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Soulprison is a hardcore band hailing from Germany. Known for their energetic live shows and relentless approach to heavy music. In a very short time span, the band has made an impact on the European hardcore scene. With a sound that combines elements of punk, metal, and old-school hardcore, Soulprison delivers a fierce and uncompromising attack on the senses. In this interview, we sit down with members of the project to discuss their musical influences, the state of the hardcore scene in Germany, and their thoughts on using music as a platform for social change.

Can you tell us about the origins of Soulprison and how the band formed?

Soulprison was formed shortly before the pandemic hit in 2020. Before we all got together as a band, Louis and Robin - our two guitarists - already wrote some songs together as both their former bands had broken up for different reasons and both were living in the same city at the time. Some of those songs also made it on our first demo. Shortly after, Simon (drums) and Jan (bass) joined, followed by Henry, our vocalist. We all live in different cities in South Germany, and we typically drive close to three hours to rehearse together, but the chemistry and brotherhood in the band are worth the ride.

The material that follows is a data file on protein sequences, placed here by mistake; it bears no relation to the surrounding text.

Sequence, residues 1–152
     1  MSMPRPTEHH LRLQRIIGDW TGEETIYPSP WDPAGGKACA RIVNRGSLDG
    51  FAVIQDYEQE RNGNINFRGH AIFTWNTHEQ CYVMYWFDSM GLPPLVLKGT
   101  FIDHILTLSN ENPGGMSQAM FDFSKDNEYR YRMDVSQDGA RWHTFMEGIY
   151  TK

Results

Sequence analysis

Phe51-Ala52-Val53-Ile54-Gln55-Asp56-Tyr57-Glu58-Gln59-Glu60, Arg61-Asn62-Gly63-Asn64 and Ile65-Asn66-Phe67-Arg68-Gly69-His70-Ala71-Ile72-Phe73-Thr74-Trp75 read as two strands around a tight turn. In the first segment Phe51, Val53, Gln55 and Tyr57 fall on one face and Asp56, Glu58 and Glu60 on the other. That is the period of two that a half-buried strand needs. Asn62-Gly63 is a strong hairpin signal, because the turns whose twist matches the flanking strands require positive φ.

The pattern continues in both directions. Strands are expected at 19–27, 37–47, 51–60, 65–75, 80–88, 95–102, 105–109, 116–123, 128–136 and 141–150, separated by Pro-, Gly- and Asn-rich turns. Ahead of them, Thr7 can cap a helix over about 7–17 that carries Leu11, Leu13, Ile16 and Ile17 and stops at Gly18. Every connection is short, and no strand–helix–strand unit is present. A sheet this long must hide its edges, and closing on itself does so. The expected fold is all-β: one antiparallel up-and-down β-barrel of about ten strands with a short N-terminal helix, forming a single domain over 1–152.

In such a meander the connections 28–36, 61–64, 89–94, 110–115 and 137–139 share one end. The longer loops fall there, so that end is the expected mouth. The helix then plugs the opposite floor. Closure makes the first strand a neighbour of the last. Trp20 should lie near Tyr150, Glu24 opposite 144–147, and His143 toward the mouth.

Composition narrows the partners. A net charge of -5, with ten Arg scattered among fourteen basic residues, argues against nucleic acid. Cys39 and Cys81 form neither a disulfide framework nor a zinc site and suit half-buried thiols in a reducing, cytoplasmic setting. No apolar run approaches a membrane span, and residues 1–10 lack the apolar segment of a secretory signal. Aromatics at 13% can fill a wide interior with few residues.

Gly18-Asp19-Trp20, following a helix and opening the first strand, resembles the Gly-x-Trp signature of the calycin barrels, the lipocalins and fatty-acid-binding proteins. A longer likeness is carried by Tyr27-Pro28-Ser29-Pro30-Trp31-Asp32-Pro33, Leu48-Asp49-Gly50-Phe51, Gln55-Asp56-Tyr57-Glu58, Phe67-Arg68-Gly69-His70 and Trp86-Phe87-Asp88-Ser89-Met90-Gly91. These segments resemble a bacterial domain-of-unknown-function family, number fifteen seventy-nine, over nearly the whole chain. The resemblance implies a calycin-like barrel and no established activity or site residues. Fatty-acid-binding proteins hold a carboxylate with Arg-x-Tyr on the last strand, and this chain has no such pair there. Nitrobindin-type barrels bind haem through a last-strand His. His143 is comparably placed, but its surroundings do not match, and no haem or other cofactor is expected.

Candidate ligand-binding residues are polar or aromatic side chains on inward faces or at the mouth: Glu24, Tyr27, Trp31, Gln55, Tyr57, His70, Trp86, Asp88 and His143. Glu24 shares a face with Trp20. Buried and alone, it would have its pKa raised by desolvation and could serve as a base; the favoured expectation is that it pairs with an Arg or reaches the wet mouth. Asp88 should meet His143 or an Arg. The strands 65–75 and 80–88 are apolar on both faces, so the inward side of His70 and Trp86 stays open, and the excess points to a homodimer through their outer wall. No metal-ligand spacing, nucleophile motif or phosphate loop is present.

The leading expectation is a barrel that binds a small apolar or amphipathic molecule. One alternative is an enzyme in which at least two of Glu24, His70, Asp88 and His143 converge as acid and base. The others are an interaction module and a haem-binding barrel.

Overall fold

How would you describe the band's soundscape and musical style?

Soulprison is a band that was initially formed to be a Hardcore band. Once we started writing songs though, we realized that all of us brought some other influences to the table and in order to satisfy our unified vision of a modern Hardcore band, we started incorporating bits and pieces of our very diverse metal and other music influences spanning from classic metal heroes to modern Metalcore acts.

Can you elaborate on the themes and messages present in your lyrics on your latest release “Vision of the Void”?

“Vision of the Void” basically is a theme that can be found throughout the whole record. The topics discussed in the songs all revolve around obstacles and mental issues you face in your daily life. Sometimes you just want to give up on everything and other days you tackle your demons and overcome what has kept you down. It is a cycle that is very hard to break. With our lyrics, we try to convey the message that you are not alone with whatever you are facing and that there is a way out, either through fighting your mind to regain routines that fulfill you, your social network, or a strong community.

How have your home country and European culture influenced your music?